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Art, Sex, and Democracy - a panel discussion

  • 10 Vine Street Melrose, MA, 02176 United States (map)

The artists of the pop up, Appetite, host a lively panel discussion with a group of diverse women artists on how they respond to political and social turmoil. The panel, moderated by Mary M. Tinti, curator, will explore how these Boston based artists working in a variety of media including painting, sculpture, video, and social practice, respond to and try to make sense of the world.


Silvia Lopez Chavez believes in the power of the creative process as an agent for positive change, which has led her to many collaborative works in the creation of public art projects including murals in Boston, Cambridge and the North Shore. In 2016, she received a ‘Creative City’ grant from the New England Foundation for the Arts (NEFA), for ‘Lemonade Stand’, an interactive art installation throughout the city of Boston with artist Elisa Hamilton. In 2015 through a Boston Foundation grant, she was commissioned by the Design Studio for Social Intervention (DS4Si) to create a site-specific public art piece at Upham's Corner in Dorchester, MA; she was also awarded a Massachusetts Cultural Council LCC grant for her ‘Fresh Air: Portraits of Chelsea’ project in 2013. Chavez is a graduate from the Massachusetts College of Art & Design, and has exhibited at local galleries including Bakalar & Paine, Mills, Grossman and Atlantic Wharf, also the Fitchburg Art Museum and the New Hampshire Institute of Art. Chavez is currently an artist in residence at Boston Children's Hospital and continues her studio art practice at the Boston Center for the Arts in the South End.

Nayda Cuevas: "We are all born into this world with a history.  What I do with my history and my art practice finds ways to address my experience in it.  My history involves migration and issues of race experienced both in the United States and in Puerto Rico, my birth place.  At the age of ten my parents made the decision to move from Puerto Rico to Florida.  Immigration is an immediate issue in the United States and with it comes discrimination, prejudice, and stereotyping.  As a means of negotiating alienation and the absence of familiar people and places I turned to the arts to explore my identity."

Elisa Hamilton is a multimedia artist whose practice focuses on the creation of inclusive artworks that emphasize shared experiences and the inherent joy of our everyday places, objects, and experiences. She has been the recipient of four public art grants to create temporary public works in Boston's Fort Point neighborhood, and a Creative City grant from New England Foundation for the Arts. She has held artist residencies with Vermont Studio Center, Boston Center for the Arts, the Eliot School of Fine & Applied Arts, and the Fenway Alliance. Ms. Hamilton is the creating artist of Sound Lab, the community engagement component of Listen Hear, a contemporary exhibition opening at the Gardner Museum in March of 2017.   She continues her practice at her Tremont Street studio at Boston Center for the Arts.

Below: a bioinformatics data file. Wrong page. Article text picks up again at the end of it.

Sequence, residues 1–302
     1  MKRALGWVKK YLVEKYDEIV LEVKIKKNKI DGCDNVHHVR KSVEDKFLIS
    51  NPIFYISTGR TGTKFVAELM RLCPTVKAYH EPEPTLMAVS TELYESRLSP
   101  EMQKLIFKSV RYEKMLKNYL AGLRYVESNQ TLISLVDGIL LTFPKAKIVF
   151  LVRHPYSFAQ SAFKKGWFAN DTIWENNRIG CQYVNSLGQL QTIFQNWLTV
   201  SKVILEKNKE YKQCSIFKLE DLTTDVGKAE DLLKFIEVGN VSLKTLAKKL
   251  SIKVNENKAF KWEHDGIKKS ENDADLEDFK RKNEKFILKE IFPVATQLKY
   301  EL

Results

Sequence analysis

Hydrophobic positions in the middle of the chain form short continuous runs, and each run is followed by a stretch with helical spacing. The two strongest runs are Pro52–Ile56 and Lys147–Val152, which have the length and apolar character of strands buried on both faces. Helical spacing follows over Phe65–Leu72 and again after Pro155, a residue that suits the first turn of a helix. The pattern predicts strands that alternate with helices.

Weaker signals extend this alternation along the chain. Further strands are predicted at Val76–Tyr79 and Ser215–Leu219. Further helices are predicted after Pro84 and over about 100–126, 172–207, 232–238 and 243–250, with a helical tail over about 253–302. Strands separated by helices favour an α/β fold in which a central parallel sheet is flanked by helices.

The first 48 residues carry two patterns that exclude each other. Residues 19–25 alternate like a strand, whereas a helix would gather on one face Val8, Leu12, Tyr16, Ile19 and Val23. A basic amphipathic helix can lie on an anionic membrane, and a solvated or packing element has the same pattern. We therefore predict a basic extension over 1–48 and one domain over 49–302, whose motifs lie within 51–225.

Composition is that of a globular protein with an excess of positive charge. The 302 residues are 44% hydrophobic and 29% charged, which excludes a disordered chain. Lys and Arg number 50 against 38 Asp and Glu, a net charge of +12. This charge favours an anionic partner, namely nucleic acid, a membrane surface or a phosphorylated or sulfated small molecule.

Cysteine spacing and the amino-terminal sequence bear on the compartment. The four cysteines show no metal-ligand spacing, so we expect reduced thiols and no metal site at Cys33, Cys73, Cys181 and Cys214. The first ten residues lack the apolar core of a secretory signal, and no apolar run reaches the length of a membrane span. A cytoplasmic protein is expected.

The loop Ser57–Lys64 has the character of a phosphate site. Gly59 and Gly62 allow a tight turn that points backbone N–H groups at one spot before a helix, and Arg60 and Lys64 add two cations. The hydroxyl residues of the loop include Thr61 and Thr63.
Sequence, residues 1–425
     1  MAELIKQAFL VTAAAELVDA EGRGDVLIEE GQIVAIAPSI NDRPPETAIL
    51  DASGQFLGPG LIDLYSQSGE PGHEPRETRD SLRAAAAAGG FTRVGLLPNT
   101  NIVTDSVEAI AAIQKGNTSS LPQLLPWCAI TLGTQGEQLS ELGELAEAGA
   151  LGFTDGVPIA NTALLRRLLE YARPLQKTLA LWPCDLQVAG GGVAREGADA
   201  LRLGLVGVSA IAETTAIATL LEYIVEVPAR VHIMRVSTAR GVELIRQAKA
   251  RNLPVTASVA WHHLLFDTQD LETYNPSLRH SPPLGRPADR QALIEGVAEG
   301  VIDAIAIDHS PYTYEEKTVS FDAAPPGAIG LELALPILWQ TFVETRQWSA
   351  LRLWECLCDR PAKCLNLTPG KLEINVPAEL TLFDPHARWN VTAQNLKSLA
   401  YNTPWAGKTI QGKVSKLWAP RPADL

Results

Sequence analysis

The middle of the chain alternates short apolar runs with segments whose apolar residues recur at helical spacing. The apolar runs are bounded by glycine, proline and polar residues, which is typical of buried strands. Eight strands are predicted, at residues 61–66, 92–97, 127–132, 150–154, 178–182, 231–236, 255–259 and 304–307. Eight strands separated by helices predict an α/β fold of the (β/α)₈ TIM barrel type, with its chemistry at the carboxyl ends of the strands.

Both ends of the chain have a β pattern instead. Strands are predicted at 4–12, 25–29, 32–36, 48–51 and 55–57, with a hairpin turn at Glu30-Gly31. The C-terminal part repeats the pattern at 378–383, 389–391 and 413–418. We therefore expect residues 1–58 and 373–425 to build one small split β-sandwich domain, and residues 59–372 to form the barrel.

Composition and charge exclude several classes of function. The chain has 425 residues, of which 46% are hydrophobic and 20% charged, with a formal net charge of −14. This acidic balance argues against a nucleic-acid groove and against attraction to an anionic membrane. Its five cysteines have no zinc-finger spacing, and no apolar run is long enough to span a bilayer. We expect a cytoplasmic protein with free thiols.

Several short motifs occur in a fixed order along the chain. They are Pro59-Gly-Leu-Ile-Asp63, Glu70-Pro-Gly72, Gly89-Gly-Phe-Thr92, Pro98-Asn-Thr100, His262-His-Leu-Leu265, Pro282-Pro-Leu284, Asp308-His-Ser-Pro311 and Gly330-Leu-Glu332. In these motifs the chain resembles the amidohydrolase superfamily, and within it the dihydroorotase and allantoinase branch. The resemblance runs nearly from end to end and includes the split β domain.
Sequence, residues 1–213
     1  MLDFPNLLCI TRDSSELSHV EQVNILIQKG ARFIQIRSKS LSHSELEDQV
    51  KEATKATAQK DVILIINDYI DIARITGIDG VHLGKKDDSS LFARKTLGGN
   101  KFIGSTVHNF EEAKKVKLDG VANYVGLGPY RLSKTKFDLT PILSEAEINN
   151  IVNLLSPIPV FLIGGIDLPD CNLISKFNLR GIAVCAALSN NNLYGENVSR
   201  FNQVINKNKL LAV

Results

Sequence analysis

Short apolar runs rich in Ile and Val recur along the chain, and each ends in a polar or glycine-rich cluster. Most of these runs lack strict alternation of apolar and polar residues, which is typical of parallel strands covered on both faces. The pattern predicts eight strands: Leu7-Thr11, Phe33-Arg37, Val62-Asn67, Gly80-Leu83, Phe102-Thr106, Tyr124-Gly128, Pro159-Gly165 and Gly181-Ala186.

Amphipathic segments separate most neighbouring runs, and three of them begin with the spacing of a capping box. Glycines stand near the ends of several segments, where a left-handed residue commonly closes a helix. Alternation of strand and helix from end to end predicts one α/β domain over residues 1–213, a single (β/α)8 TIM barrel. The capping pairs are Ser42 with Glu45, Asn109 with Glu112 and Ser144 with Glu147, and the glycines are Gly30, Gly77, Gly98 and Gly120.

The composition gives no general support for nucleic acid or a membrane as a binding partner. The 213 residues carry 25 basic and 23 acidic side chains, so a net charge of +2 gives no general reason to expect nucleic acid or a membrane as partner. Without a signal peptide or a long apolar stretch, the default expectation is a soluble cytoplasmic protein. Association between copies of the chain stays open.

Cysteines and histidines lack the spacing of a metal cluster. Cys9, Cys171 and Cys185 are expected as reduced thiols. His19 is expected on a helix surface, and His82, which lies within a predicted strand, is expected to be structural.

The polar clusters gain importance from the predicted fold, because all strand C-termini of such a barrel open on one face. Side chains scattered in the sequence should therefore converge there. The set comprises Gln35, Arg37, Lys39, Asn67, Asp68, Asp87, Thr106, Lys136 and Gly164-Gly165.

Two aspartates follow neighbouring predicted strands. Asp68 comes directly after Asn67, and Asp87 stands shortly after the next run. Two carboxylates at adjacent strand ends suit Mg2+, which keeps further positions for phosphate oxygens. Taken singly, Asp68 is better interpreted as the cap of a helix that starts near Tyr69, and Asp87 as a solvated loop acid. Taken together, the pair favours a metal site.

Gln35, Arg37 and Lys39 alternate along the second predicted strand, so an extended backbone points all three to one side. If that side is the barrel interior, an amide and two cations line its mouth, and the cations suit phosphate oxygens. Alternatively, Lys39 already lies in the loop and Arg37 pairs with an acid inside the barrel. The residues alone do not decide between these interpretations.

Kledia Spiro creates videos, performances, installations, and paintings. Kledia was born in Albania and is part of an olympic weightlifting team. She uses weightlifting as a symbol of survival, empowerment and celebration. Weightlifting becomes a vehicle for discussing women’s role in society, immigration and times of war. Kledia has performed in New York at Grace Exhibition Space, Gray Zone, Rosekill, the Panoply Performance Lab, Songs for Presidents Gallery and in Boston at Isabella Stewart Gardner Museum, Mobius, The Piano Craft Guild, Bathaus, Distler Performance Hall, and the New England Conservatory. Her work has been featured nationally, most notably at the Museum of Fine Arts, Boston and the ProArts Gallery in Oakland, California.

Kathleen Volp is a mixed media artist with an extensive exhibition record including most recently Room 83 and the Bromfield Gallery. She writes, "The series "Politics of Fear" is quite literally a reflection of the anxiety I have felt with the recent election. I have been disturbed by the trend of political leaders to link policy to personal identity - specifically an overtly dominant white maleness.  The pieces fell together by chance combination of mulitple plastic horses the kind young girls collect I had in my studio, with the image of Four Horsemen of the Apocalypse, the widely circulated photo of a bare chested Putin astride a horse and his bromance with Trump.   The idea that macho showmanship has replaced rational thought is at the heart of these pieces."

Moderator: Mary M. Tinti, Ph.D. former curator at Fitchburg Art Museum